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All three of these films (even Rosemary's Baby, for the most part) leave the door cracked to let the ambiguity in, and allow for multiple readings. The women involved could be hallucinating, dreaming, losing their minds, reacting to sublimated abuses, or actually experiencing what they see on screen; subtle visual filmmaking choices let the viewer read the film several ways. But what they all point at is the powerful, overwhelming link between sexuality, female bodies, guilt, and the religious sense of good and evil, and they wrack the nerves.

But you don't have to read it that way to be properly freaked out, and the film is subtle about what it's doing, backing away at all the right moments and scaring by subtraction. Eggers is a filmmaker to watch. (No distributor yet.)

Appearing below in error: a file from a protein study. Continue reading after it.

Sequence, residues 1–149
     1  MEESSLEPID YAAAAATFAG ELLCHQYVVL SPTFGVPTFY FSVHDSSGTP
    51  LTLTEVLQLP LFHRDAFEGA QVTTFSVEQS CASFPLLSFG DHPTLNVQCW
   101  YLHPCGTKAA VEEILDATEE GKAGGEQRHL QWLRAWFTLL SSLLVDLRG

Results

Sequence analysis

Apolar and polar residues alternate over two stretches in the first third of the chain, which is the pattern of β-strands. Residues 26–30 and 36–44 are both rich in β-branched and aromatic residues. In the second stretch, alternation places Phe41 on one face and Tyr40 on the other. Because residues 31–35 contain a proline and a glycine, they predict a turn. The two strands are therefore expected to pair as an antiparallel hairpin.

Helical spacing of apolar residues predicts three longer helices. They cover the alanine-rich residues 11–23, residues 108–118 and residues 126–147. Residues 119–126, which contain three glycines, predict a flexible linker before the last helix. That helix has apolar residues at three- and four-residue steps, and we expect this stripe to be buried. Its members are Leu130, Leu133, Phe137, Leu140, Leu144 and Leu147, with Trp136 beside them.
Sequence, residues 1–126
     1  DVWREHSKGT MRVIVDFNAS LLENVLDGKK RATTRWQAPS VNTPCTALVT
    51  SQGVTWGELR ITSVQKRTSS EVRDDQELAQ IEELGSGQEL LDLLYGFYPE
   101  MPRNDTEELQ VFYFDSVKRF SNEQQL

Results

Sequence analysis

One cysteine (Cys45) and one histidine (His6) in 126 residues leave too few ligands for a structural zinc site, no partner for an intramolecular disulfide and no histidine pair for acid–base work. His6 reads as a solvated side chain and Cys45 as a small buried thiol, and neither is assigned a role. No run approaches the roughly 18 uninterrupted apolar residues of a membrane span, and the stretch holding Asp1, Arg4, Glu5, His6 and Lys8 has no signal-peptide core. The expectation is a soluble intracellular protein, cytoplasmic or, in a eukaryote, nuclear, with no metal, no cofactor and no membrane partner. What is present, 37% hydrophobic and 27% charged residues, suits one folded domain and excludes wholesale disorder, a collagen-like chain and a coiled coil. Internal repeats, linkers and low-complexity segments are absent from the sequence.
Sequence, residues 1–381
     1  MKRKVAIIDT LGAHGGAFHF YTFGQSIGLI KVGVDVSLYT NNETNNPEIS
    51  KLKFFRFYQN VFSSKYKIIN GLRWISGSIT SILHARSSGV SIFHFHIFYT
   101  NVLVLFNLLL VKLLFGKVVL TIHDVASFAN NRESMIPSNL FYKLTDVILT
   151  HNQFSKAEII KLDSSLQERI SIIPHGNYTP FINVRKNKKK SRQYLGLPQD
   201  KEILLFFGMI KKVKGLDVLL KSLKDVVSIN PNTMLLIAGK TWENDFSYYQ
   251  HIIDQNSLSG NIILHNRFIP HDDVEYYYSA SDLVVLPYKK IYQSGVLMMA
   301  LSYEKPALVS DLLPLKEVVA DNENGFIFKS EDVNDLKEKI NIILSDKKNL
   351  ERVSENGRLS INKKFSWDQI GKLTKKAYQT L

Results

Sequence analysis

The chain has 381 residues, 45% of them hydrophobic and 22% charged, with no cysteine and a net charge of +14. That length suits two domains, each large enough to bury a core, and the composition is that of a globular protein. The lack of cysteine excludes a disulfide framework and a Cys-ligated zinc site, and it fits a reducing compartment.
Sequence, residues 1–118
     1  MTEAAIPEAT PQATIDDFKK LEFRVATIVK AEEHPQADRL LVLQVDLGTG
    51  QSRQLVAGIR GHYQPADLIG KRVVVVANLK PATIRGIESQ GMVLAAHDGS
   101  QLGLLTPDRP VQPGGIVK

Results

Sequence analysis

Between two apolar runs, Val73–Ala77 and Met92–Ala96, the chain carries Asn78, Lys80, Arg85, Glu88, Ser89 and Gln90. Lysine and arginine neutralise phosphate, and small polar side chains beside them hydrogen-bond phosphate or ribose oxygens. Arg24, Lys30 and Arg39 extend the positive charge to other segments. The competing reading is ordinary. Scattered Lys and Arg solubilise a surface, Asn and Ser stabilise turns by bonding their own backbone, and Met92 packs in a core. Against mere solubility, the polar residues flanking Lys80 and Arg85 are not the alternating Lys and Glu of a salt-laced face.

There's a lot more to all of this, particularly The Witch, but I've got to get up early. Don't want to miss my screening again.

(You can follow me on Twitter, too—at @alissamarie.)

Watch This Way
How we watch matters at least as much as what we watch. TV and movies are more than entertainment: they teach us how to live and how to love one another, for better or worse. And they both mirror and shape our culture.
Alissa Wilkinson
Alissa Wilkinson is Christianity Today's chief film critic and assistant professor of English and humanities at The King's College in New York City. She lives in Brooklyn.